Friday, 18 August 2006

What a croc(k)!

I imagine this decision also has an impact on the way that crocodiles are slaughtered and processed on farms. If they're classified as 'fish', they're probably dealt with in a different way from other farmed four-legged animals.

Australian lawmakers ponder the meaning of fish

Fri Aug 18, 2006 7:56 AM BST

CANBERRA (Reuters) - When is a fish not a fish? When it is a giant killer reptile with four legs and sharp teeth.

Politicians in Australia have been pondering the meaning of "fish" and have passed new laws making it clear crocodiles should be fish too.

The decision is at odds with the arbiter of the Australian English language, the Macquarie Dictionary, which rules that fish are "completely aquatic vertebrates, having gills, commonly fins, and typically an elongated body usually covered with scales".

The answer to the Australian meaning of "fish" is contained in the new Agriculture, Fisheries and Forestry Legislation Amendment (Export Control and Quarantine) Bill 2006, which was endorsed by Australia's parliament on Thursday.

Australia's junior minister for agriculture Susan Ley told parliament the new definition was needed to ensure Australia had the right to enforce export controls on a wider range of fish, including crocodile products, shellfish and prawns.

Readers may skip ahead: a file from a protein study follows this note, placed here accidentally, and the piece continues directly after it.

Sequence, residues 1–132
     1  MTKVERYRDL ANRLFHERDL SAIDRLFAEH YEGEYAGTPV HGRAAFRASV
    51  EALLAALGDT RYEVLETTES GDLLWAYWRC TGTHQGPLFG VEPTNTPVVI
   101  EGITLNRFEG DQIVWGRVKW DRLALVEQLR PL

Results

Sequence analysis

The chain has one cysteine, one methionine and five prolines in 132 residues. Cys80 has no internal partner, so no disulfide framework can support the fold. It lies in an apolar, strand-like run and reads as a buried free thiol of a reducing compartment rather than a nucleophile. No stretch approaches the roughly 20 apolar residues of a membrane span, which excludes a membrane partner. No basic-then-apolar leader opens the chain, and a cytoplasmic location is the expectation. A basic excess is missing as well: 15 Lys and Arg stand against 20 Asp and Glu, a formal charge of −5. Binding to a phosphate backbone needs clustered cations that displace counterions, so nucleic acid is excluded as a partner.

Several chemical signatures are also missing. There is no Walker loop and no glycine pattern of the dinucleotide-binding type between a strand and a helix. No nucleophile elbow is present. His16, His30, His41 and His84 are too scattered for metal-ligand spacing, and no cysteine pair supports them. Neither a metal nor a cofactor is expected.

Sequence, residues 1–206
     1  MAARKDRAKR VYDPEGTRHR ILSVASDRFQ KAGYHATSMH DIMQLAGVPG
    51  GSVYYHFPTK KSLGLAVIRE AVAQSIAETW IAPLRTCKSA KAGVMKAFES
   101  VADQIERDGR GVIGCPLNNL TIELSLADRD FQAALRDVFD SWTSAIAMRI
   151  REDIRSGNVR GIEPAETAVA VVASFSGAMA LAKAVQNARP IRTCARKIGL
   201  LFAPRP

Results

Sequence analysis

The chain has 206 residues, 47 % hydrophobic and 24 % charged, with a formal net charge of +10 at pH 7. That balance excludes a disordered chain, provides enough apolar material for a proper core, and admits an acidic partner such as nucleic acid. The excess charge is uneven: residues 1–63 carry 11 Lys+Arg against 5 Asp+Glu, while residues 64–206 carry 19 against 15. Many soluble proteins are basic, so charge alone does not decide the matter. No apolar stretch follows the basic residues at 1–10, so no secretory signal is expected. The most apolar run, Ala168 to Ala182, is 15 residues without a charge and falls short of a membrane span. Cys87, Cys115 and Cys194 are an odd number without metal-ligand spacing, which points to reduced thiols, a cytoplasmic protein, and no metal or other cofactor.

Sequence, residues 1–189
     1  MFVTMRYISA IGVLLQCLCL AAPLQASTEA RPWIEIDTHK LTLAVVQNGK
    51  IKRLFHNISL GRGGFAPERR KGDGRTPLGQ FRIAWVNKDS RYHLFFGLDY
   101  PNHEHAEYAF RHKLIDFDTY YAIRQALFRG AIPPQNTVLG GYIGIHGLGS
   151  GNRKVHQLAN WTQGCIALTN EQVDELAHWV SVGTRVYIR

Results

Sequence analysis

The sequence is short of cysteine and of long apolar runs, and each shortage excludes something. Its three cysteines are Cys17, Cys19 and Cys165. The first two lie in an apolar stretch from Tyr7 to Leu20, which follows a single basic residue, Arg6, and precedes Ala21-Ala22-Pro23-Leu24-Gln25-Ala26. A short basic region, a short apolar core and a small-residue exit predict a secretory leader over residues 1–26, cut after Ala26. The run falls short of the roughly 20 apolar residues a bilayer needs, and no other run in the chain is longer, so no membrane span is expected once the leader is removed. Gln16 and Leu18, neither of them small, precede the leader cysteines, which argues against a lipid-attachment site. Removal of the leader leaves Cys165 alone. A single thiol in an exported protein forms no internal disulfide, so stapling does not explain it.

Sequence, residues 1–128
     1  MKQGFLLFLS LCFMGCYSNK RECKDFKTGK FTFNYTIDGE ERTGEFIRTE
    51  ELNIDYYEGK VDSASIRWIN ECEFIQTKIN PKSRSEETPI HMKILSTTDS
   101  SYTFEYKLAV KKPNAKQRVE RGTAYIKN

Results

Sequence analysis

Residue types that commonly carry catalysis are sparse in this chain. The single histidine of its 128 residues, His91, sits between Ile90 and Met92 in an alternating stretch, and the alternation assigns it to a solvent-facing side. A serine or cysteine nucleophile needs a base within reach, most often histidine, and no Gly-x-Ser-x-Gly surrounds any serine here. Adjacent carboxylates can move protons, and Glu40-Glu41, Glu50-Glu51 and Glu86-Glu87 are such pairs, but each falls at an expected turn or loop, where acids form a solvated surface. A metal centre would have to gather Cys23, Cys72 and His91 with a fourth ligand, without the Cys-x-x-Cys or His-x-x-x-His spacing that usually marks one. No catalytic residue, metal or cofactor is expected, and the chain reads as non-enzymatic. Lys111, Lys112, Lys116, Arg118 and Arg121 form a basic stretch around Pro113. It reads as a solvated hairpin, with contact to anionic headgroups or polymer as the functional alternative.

For the record, Australia's Macquarie Dictionary defines a crocodile as a reptile.

Source: Reuters


Anonymous said...

I must say, your posts highlight some very disturbing issues! They provide a good laugh but contain that vital element of comedy, the absurdity of reality. Have you considered doing standup? You would never be short of a topic!!!

booshkie said...

Yeh, but one piece of Australian legislation (forget which) says that for the purposes of this legislation a lemon shall be considered an egg (or vice versa).

That makes a croc look a lot more fishy, don't you think?

Snail said...

Please tell me you're making that up.